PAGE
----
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Feature

It's Still A Tough Call For IT Spending In New Year

Security and disaster recovery are up, but as economy weakens, possible decline looms.
Predicting IT spending trends is a lot like being a New England meteorologist tracking a nor'easter. Success, to a large extent, depends on which computer model a forecaster relies. Charles Rutstein likes the analogy. He's a research director at Forrester Research, which, he says, uses various computer models that all point toward a delayed economic recovery and a delay in any upturn in IT spending. But as-yet-unknown variables make the specifics "TTTC," as one Boston meteorologist says, for Too Tough To Call.

It's impossible to predict the outlook for this year without considering the impact of the events of Sept. 11. Rutstein and other analysts say technology spending began to drop at the beginning of 2001. When Forrester ran its standard midyear data check, surveying 1,000 companies with $1 billion or more in revenue per year, findings were consistent with expectations: Spending was slowing, but not substantially. The firm went ahead and published its findings on Sept. 1, as scheduled.

Then came Sept. 11, and "we wondered, is the data any good?" Rutstein recalls. Conventional wisdom was that the world had changed, and IT along with it. A new Forrester survey conducted after Sept. 11 confirms those beliefs. Projections for IT spending went from flat to a drop of 5% on average. Research firm Meta Group also projects a decline in IT spending, the first in years, of 2% to 5%. Meta says half of all CIOs have already cut next year's budget.

Other forecasts are somewhat more optimistic. A recent Morgan Stanley survey of 225 CIOs predicts a slight increase in IT spending, up around 2% for 2002. Research firm The Yankee Group estimates that IT spending will increase by 3.3% this year. The company says IT spending dropped by 1.1% last year, which it says was the first decline in IT spending since 1954. Yankee says software and services will lead an economic recovery sometime in the second half of this year.

While Morgan Stanley predicts that spending will climb this year, the IT spending plans at the brokerage firm itself more closely matches Forrester's report. Morgan Stanley's IT budget is expected to remain flat, or drop by as much as 5% to 10%. That's a big change from the years 1995 to 2000, where the annual increase in IT spending averaged 20%. Morgan Stanley's chief technology officer is prepared to cut the technology budget by 10% should the economy worsen significantly.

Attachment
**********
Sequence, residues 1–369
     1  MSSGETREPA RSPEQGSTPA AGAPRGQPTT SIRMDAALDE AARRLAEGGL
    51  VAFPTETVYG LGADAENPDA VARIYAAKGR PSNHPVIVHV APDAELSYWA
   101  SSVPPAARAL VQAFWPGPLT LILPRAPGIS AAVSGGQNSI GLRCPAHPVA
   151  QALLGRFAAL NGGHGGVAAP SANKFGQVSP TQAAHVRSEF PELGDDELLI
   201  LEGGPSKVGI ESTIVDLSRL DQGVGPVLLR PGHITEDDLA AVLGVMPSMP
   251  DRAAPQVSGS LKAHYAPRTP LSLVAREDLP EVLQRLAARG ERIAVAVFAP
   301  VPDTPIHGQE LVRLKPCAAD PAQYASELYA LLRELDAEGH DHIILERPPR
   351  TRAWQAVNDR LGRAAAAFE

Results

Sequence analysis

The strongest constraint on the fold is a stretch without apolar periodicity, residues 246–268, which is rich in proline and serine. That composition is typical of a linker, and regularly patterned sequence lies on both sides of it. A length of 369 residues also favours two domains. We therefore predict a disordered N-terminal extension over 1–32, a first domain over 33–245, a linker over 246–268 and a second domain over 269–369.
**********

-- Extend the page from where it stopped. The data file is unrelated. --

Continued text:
It isn't much of a surprise that IT budgets, which spiked during the E-business craze, have taken a hit as the economy and the stock markets have plummeted. IT spending isn't expected to rebound until the economy and company profits do. Charles Phillips, managing director at Morgan Stanley, says he expects financial services to rebound this year. But airlines, another IT-dependent industry, will not, he says. Overall, he's looking for a modest recovery. "Companies are thawing out," he says. "People are moving ahead with selected projects-smaller projects and projects of shorter duration."

At Evergreen Funds in Boston, the IT budget will remain flat, VP of IT Mitchell Hodus says. But its $2.5 million line item for capital investments should be able to buy more this year, even though the dollar amount is the same as last year. "PCs and software prices continue to drop," he says. "You get more with less."

A recent CIO panel convened by Morgan Stanley concludes that "spending in 2002 will be focused on business continuity and disaster recovery," which might not have been a focus if the events of Sept. 11 hadn't taken place. In fact, Morgan Stanley analysts say, spending on business continuity, including communications such as phone and E-mail, may skyrocket to the point that it eclipses all other forms of IT spending.

Spending on security and disaster recovery went up 5% and 9%, respectively, following the terrorist attacks, Forrester says. The one post-attack surprise, Rutstein notes, is in remote meeting technology. While analysts expected sharply curtailed business travel would fuel a strong increase in videoconferencing and other remote meeting technologies, it's just the opposite: That line item dropped 6% while travel budgets went up 6%. Yet the planes are still empty, Rutstein says. "Companies are ready and willing to send people out, but not all of them are willing to go yet."

At Evergreen, disaster recovery is a high priority, but there won't be any increase in spending. Well before Sept. 11, Hodus and his team had set up a disaster-recovery site about an hour away from the company's Boston headquarters. "We dropped significant money on disaster recovery, so we're completely set up," he says. "We don't have to do it now." But there will be some funds allocated for routine integration efforts around disaster recovery.

The planning process has already shifted and will become increasingly dynamic, focused on short-term wins. In some cases, companies are re-budgeting each quarter. At Morgan Stanley, IT budgets will go into quarterly review for at least the next 12 months, and likely for the next 24 months.

"Companies are changing the way they buy technology," Forrester's Rutstein says. They're favoring measurable efforts like supply-chain improvements and CRM. Gone, at least for now, are more-speculative efforts with less-quantifiable results. Says Rutstein, "No one wants another ERP death march."--Diane Rezendes Khirallah